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Fig. 21-53

The moccasin distribution of a plaque covered by ichthy osiform scale is one of many manifestations of dermatophytosis. The fissure, a crack in the hyperkeratotic surface, extends to the papillary dermis.


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Fig. 21-54

The serrated appearance of the distal end of the nail and the subungual keratosis are evidences of onychomycosis.


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Fig. 21-55 A

This nummular patch of alopecia covered by furfuraceous scale resulted from an infection of stratum corneum and hair shafts by a fungus.


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Fig. 21-55 B

This nummular patch of alopecia covered by furfuraceous scale resulted from an infection of stratum corneum and hair shafts by a fungus.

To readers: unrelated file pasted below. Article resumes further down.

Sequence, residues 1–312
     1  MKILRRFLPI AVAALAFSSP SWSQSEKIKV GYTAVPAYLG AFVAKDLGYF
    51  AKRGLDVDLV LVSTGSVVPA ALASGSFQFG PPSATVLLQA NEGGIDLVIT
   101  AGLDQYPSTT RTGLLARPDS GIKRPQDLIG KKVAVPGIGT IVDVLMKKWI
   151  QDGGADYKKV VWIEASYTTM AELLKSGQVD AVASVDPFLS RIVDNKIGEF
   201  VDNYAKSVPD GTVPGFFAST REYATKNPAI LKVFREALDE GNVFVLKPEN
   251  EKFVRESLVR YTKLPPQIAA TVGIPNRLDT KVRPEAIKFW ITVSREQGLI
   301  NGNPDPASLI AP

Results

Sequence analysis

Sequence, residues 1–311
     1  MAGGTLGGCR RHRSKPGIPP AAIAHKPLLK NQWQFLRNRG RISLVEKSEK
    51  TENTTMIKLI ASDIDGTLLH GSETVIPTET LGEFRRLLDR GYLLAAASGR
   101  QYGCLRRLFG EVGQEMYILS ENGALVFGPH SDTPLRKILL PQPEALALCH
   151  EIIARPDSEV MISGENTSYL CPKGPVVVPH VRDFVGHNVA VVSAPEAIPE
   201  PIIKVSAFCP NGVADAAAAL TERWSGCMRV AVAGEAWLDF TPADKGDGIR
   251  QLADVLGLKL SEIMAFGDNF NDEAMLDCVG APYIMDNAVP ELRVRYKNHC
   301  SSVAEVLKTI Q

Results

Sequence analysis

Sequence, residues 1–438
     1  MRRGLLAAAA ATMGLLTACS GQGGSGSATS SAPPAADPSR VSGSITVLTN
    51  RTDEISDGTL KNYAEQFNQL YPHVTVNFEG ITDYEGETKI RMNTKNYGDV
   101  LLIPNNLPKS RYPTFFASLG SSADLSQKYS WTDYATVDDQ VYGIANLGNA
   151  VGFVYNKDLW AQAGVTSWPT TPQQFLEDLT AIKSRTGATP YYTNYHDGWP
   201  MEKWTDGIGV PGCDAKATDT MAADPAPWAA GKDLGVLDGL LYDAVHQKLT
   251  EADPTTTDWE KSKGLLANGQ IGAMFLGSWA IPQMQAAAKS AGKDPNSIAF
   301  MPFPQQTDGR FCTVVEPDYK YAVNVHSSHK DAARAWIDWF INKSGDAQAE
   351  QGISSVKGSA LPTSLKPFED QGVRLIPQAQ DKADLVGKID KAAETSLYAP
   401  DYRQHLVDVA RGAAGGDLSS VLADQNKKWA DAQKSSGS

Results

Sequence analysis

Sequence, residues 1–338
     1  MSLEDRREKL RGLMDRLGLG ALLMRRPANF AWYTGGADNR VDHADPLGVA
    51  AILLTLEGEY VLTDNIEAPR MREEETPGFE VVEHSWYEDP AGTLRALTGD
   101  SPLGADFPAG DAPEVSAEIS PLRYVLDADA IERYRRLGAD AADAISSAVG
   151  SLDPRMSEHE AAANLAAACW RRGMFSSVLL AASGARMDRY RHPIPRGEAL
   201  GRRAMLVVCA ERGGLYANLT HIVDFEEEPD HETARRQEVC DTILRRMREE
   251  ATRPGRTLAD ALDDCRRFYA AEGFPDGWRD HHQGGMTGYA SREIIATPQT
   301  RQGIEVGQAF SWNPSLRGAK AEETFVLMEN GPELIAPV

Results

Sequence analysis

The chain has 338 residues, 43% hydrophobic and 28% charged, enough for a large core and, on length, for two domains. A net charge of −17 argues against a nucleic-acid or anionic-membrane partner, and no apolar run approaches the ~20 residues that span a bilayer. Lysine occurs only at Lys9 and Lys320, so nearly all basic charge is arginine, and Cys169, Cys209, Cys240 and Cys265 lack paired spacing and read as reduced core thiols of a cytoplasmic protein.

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Fig. 21-56

Nummular scaly patches of alopecia are an expression of an infection by a fungus.


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Fig. 21-57 A

Annular, arcuate, and polycyclic scaly lesions are typical of one manifestation of fungal infection. A child such as this one with widespread lesions could be immunosuppressed, but need not be.


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Fig. 21-57 B

Annular, arcuate, and polycyclic scaly lesions are typical of one manifestation of fungal infection. A child such as this one with widespread lesions could be immunosuppressed, but need not be.


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Fig. 21-58

Kerion with secondary cellulitis, the former being an exuberant response to dermatophytosis and the latter a complication by gram positive bacteria.


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Fig. 21-59

Majocchi’s granuloma, a suppurative infundibulitis consequent to infection of hair shaft and inner sheath by dermatophytes.